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Having a low credit score is tricky to overcome if you are trying to buy a house.  The issue is not the low score per se, but the derogatory accounts on your credit report that have caused the low credit scores. And dealing with these accounts can become expensive depending on the amount of debt you have.

  • It’s tough to get a house with charge offs on your credit report.
  • It’s tough to get a house with an auto repossession on your credit report.
  • It’s tough to get a house with judgments on your credit report.
  • It’s tough to get a house with a foreclosure on your credit report.
  • It’s tough to get a house with a bankruptcy on your credit report.

The mitigating factors to bad credit are 1) the length of the time the accounts have been on your credit and 2) if you are making payments or have a payment plan on any of these accounts.

Why Lenders Care about These Accounts

Once you have a delinquent account, charge off, repossession etc., it’s possible for the creditor to pursue legal action against you. You get a summons, you and the creditor go to court, and a judgment is made either for or against you. If that judgment is made against you the creditor can take the legal action a step further and pursue collection of the debt. This will occur if you receive a default judgment for not showing up as well.

Collection of the debt can come in two forms; a lien against personal or real property (your house) or wage garnishment. Either way, the mortgage lender has something to lose. If the creditor gets a lien against your real property then that debt is attached to your house. In other words, the debt is attached to the lender’s collateral. If the creditor gets a wage attachment against you, that could compromise your ability to pay your mortgage.

Mitigating Factors of Debt

One of the reasons the length of time is a mitigating factor is because of statute of limitations.  Once the statute of limitations passes the creditor can no longer pursue legal action against you. But, lenders still see your outstanding debt. You can imagine the lender’s hesitancy on lending to you for a mortgage. This makes you not worthy of credit.

Judgments do not go away. They expire, but are renewable.  And, if a creditor went through the trouble of getting the judgment against you, they will likely renew the judgment. Creditors retain lawyers and legal aids to keep up with judgement.

If the debt is relatively new, within 3 years, making payments will help. Paying down the debt will lower your used credit compared to your available credit. Once debt gets old it starts to affect your credit score less. However, mortgage lenders will want to see these debts settled.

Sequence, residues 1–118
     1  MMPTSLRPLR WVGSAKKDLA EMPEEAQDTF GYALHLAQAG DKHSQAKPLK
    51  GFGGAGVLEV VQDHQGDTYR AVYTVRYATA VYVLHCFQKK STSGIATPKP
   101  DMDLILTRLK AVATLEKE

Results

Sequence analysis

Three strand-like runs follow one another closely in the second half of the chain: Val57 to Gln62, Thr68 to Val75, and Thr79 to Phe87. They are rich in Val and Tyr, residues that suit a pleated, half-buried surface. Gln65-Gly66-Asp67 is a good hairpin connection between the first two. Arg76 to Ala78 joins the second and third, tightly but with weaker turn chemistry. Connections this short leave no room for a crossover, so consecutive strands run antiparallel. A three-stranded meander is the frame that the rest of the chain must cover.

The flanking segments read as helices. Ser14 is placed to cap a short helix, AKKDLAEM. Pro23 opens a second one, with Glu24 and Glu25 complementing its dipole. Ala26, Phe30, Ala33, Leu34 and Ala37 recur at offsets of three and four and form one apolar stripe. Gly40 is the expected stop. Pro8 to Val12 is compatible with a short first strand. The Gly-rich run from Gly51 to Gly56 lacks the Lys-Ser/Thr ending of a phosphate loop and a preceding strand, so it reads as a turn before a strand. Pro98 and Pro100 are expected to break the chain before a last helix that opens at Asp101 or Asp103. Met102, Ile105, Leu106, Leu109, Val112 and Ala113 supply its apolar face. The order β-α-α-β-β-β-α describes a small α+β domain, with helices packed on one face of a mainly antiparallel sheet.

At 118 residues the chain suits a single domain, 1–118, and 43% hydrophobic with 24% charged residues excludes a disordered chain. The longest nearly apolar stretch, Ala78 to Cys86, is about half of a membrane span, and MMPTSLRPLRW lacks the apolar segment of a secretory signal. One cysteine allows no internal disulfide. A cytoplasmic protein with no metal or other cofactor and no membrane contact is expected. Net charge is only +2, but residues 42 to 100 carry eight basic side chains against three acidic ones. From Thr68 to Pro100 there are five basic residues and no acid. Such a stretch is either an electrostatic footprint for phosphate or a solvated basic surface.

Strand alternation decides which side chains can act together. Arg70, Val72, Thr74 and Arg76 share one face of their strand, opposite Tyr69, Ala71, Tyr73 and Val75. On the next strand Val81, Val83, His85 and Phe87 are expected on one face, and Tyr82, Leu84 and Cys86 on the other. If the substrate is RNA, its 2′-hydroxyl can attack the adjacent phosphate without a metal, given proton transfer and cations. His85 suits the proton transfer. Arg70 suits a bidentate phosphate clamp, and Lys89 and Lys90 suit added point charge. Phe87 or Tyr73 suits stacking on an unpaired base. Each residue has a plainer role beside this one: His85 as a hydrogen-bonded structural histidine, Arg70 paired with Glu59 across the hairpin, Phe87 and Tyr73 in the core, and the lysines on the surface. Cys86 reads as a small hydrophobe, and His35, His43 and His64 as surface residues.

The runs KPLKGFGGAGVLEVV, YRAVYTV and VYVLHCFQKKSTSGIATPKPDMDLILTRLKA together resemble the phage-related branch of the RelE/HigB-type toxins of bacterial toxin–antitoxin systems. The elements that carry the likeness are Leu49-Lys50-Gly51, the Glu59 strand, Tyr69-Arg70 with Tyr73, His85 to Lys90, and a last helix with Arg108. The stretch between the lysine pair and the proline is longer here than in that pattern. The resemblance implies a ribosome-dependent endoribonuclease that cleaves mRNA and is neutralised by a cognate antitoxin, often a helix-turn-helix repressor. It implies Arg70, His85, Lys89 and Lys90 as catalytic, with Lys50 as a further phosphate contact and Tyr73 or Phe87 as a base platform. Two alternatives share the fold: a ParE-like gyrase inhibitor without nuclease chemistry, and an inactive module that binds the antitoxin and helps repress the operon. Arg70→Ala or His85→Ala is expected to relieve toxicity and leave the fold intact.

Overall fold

For some credit repair tips look at this post on credit repair posted here.

Lenders that Work with Low Credit Score Borrowers

The two great options to buy a house with bad credit are:

  • The Federal Housing Administration (FHA) loans.
  • Neighborhood Assistance Corporation of America (NACA) program.

These two organizations will allow you to buy a house with a lower than normal credit score. But, they are going to want to see some sort of payment plan or remediation of the derogatory items. This means, you can’t buy a house tomorrow even through these wonderful programs.

The graph below represents the waiting period requirements for buying a home after you have had a significant derogatory event. The chart lists the most popular loan guarantors; Fannie Mae, Freddie Mac, Federal Housing Administration (FHA), Veterans Affairs (VA), and the United States Department of Agriculture (USDA).


Conventional Loans

Fannie Mae and Freddie Mac require a minimum credit score of 620 to guarantee a loan. Depending on how low your credit score is getting a convention loan is likely not an option. For the purposes of this article we will not go into the requirements of conventional loans.

FHA Loans


Although FHA allows credit scores down to 500, most FHA lenders will not make loans for buyers with less than a 580 credit score. Even if your credit score is above 580, FHA requires remediation of delinquent accounts before purchasing a home. The good thing about FHA is it doesn’t matter if your credit score is 580, 619 or even 720.  The interest rate will be the same. FHA interest rates are not determined by credit score, but rather you’re ability to qualify for the program. Different FHA lenders will offer slightly different interest rates. But, the rates offered by the lender will be the same for every score.

Delinquent Account Status for FHA Loans

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FHA has added the below statement in reference to the status of the more common significant derogatory events.

If the total outstanding balance of all collection accounts is equal to or greater than $1,000 the borrower must resolve the accounts (e.g. entered into payment arrangements with minimum three months verified payments- paid as agreed) or paid in full at the time of, or prior to closing.